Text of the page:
But turning lofty ambitions into a reality isn’t as simple as tapping your heels and repeating a magic mantra. It requires you to draw a deep breath and have the courage to take risks, knowing from the outset that no shortage of difficult obstacles wait along the journey. To be honest, it’s one of my favorite topics. So recently, we invited five industry luminaries to our San Francisco headquarters to explore the idea of “Dream Big, Go Big.” Our experts included:
Today and tomorrow, I will be sharing six key themes that emerged from the discussion. I’d love to hear your thoughts too. What does it take to turn big dreams into reality?
Learn from a Legend Jennifer Bowcock learned from one of the masters at bucking convention while at Apple. Dreaming big and thinking differently was ingrained early on in the culture of the Silicon Valley giant. She recounted a legendary story about how Steve Jobs, Ron Johnson and the retail team re-imagined and re-invented the retail model, which was yet another example of innovation across the company.
Jobs and Johnson saw an opportunity to create a network of Apple-only stores, where great service and support would help further distinguish the brand from the competition, including the suffering computer manufacturer stores. “When Apple first started concepting its stores, Steve, like with any product, encouraged them to think differently,” Bowcock highlighted. “Rather than focus on what consumer electronics stores were doing, and visit them for ideas, the team went to the Ritz Carlton for inspiration.
What’s the first thing a hotel does when you walk in? They greet you and make you feel at home because that is your home away from home. So, they started thinking differently about the retail concept. And that model, once borrowed from the hospitality industry, is still successful today.” In the company’s last fiscal year, Apple Stores accounted for 31% of total revenues.
Blow Up the Business Thinking big also extends to thinking about more than grabbing incremental market share. For Shawn Layden, it meant rejecting one of the assumptions about how to do business in the gaming sector. “If you’re not going to change the model or change the market, and you’re just going to become another player imitating what other people do,” he said, “you will not be the biggest.” So, what he and his team decided to do was to “completely blow up the business model.”
At the time developers writing for the SEGA or Super Nintendo platforms needed to buy flash ROM. Sony decided to shake up the underlying business dynamics in the sector and bring games out on compact disk – and the results were almost immediate. “Boom! You brought the cost of goods from 8 to seven bucks down to $1.50.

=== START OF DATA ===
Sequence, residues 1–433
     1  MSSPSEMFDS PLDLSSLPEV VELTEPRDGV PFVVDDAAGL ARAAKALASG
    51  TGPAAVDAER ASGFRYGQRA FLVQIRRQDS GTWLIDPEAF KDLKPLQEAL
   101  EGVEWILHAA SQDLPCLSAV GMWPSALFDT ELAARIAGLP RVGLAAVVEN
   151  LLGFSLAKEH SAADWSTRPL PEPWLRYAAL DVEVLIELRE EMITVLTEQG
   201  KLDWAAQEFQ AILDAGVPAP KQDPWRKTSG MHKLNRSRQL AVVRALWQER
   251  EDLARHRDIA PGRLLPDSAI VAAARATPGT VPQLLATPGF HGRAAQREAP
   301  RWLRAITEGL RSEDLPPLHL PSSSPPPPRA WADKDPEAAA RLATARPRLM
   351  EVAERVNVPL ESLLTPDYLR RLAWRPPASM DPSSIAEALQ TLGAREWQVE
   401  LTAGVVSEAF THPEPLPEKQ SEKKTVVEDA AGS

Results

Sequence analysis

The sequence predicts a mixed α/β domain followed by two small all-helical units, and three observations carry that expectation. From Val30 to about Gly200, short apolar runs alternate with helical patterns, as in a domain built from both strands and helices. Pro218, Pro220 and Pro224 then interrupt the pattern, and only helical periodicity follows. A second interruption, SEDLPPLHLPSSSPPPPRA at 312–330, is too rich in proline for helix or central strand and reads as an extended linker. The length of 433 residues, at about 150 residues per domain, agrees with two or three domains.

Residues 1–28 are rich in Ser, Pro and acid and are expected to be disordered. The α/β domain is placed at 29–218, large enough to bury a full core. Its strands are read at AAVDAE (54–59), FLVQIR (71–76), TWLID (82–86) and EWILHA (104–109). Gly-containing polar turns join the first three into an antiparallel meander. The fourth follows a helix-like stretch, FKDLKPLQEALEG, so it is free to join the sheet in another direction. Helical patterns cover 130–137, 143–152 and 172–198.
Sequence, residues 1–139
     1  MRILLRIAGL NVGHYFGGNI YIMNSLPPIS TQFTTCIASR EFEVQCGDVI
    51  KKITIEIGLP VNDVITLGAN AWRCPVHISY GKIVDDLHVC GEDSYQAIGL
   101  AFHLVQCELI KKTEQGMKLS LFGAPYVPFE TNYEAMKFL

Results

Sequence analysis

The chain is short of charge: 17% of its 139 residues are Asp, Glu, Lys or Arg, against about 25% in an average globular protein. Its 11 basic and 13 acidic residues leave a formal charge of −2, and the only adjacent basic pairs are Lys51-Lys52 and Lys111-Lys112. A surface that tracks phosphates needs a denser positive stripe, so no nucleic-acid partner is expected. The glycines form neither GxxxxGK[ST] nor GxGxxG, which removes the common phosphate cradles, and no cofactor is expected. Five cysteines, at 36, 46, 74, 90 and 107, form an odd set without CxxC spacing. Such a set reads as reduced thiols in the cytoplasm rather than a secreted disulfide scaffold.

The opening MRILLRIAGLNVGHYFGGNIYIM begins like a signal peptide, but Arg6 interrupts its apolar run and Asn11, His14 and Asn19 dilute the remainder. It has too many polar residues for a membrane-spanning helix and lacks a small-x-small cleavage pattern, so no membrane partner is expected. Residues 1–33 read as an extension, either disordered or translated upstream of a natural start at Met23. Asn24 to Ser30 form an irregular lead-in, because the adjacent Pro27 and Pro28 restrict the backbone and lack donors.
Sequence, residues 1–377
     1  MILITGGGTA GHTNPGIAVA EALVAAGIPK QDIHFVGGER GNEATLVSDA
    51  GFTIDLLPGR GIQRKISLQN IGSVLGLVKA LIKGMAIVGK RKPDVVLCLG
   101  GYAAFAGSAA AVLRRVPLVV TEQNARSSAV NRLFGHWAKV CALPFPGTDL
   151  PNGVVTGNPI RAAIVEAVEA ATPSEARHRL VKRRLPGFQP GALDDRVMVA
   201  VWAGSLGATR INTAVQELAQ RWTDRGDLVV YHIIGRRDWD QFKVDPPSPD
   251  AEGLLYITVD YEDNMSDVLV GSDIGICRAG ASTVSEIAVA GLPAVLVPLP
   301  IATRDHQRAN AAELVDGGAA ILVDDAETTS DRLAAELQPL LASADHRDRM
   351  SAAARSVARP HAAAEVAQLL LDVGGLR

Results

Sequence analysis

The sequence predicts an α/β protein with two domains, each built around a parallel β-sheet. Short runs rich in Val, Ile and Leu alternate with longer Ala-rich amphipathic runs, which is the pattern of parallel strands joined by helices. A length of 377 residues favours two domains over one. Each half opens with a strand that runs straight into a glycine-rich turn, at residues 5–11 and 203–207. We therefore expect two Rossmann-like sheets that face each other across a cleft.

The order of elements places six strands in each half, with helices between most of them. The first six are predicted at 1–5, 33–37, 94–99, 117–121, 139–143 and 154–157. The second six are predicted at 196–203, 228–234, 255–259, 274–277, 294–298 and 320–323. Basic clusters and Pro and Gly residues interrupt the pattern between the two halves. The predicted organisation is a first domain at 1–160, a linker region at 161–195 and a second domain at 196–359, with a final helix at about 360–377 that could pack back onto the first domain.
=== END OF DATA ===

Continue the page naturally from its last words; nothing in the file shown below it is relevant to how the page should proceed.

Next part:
Game developers didn’t have to buy 100,000 cartridge lots and then have something like a five to six-month refill wait to order more cartridges. If they sold out by Thursday, we’d be able to refill by Monday,” according to Layden. “It completely changed the business model for gaming and that’s probably the biggest reason why PlayStation became so successful.”
Make Up Your Own Rules Sometimes, fate forces individuals to break out of the mold and yes, think bigger, to achieve their goals. Take Michelle DeBella as an example. In her current job at Lyft, DeBella essentially functions as one of the key people helping Lyft create the foundational structures – governance, compliance, business process improvement – as the company scales in size. But DeBella’s path to this plum position began when she was left unemployed during the height of the financial crisis.
“In 2008, I was on a partner track at Ernst and Young, and got laid off,” she said. “I thought, Oh my goodness, I just lost my job.” You’ve worked 15- plus years to get here and that was your dream, right? “Because I needed money in my bank account, I had to find a really freaking, awesome job. And I did – it actually was a huge growth experience for me. I went from leading small project teams to leading a 200-person organization in a company that was having to do transformation just to stay alive.”
Over the years, DeBella, who went on to work as a chief audit executive at her next two companies, said she had “some soul-searching moments” when asked to do the same at Lyft. Despite being told she was “awesome” at her job, she knew it was time to break free of the constructs that others had set. You can’t have fear and you can’t fear failure, said De Bella, adding that “sometimes, you have to make up the rules for yourself.” “I needed to craft my own story,” she said. “I had to do something else, if not just to prove to myself that I can do it, but to prove to everybody who told me I don’t see you doing more than this. So, we created the position that I have today and it’s probably the most fun and interesting different job I’ve had. I now have people coming to me and asking, `Hey, how do I get a role like that in the company I’m in?’ My answer: Sometimes you just have to make up the rules for yourself.”
The panel exchanged knowing smiles when participants cautioned against the danger of remaining satisfied with the status quo. But De Bella underscored the risk to make her larger point about effecting big change. “Looking back, thank God somebody fired me because I was really comfortable and probably wouldn’t be here today and have the rich experience that I have now.
You kind of have to get over some of those mental blocks that measure success. And then when people tell you don’t fit a mold, you have to be willing to even be wrong. You have to be willing to go someplace and you just trust yourself to get over your own mental blocks.” ## A Sneak Peek to Part 2 Tomorrow, I’ll share more insights from our panelists, but for now, here’s a peek at the remaining key themes that emerged: – Theme 4: Get Used to Discomfort – Theme 5: Just Say Yes – Theme 6: Make Values Matter